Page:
MAS orders DBS to set aside regulatory capital of $1.6b after latest disruption
Source: Straits Times
Article Date: 06 May 2023
Author: Aqil Hamzah
DBS will also need to apply a multiplier of 1.8 times to its risk-weighted assets for operational risk, up from the 1.5 times multiplier previously applied in 2022.
A disruption to DBS Bank’s digital banking and ATM services on Friday and an earlier widespread disruption on March 29 mean the additional capital requirement it must set aside now stands at about $1.6 billion.
The Monetary Authority of Singapore (MAS), in a statement on Friday night, said the capital requirement takes into account the one imposed in February 2022, which required Singapore’s largest bank to set aside about $930 million in regulatory capital.
MAS added that DBS Bank will now need to apply a multiplier of 1.8 times to its risk-weighted assets for operational risk, up from the 1.5 times multiplier previously applied in 2022, after it suffered its worst outage in more than a decade in November 2021.
This means the bank must set aside an additional amount of about $670 million in regulatory capital. This refers to the amount of capital banks have to set aside as a buffer in case of unexpected losses, as well as to keep themselves solvent in times of crisis.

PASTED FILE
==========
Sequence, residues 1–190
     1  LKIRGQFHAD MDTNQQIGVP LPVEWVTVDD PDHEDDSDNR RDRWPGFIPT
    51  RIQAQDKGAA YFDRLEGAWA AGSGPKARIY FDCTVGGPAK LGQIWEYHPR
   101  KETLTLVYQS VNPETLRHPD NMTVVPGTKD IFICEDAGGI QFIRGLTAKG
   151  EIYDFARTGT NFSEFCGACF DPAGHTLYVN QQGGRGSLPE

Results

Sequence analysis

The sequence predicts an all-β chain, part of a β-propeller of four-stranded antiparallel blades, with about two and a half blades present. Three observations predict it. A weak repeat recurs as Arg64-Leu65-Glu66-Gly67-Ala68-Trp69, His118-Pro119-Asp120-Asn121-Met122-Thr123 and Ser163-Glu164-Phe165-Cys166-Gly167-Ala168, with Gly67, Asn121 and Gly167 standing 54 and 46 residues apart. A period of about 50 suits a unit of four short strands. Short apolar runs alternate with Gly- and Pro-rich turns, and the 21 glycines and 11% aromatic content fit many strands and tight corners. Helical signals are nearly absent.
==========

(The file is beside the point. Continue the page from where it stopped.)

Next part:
MAS added that it may adjust the size of the multiplier depending on the outcome of ongoing reviews.
Although the incident on March 29 appears to be separate from the one on Friday, MAS said it will require the special board committee set up by DBS Bank to oversee both incidents.
The committee was set up on March 31 to look into the cause of the March 29 disruption to the bank’s digital banking services.
The statement said: “MAS had then directed DBS Bank to conduct a comprehensive review, including an assessment of the adequacy of management oversight, staff competencies, operational processes, system resiliency, and architecture design for its digital banking services.”
During the March 29 incident, customers were unable to access online banking services from about 8.30am to 5.30pm, in what was DBS Bank’s second disruption to digital banking services in 16 months.
Friday’s disruption, which marks the third one in 18 months for the bank, was resolved in about 45 minutes.
MAS said it has also asked DBS Bank to take immediate steps to improve the resiliency and recoverability of its existing system, in order to minimise disruption of its services to customers.
Ms Ho Hern Shin, who is MAS deputy managing director of financial supervision, said in the statement that DBS Bank had fallen short of the central bank’s expectations for banks to deliver reliable services to their customers.
Describing the repeated inconveniences caused to the public as “unacceptable”, she said the latest penalty imposed on DBS Bank shows how seriously MAS views the matter.
She said: “DBS Bank must spare no effort in dealing with the underlying issues leading to these disruptions.”
DBS chief executive Piyush Gupta, in a statement late on Friday night, apologised for the recent digital disruptions and said the bank is committed to doing better.
He said: “Following the March 29 incident, the bank convened a special board committee to oversee a full review of our technology resiliency with an independent external expert.
“We will complete the review as a matter of utmost priority and implement all recommendations expeditiously.”
Source: Straits Times © SPH Media Limited. Permission required for reproduction.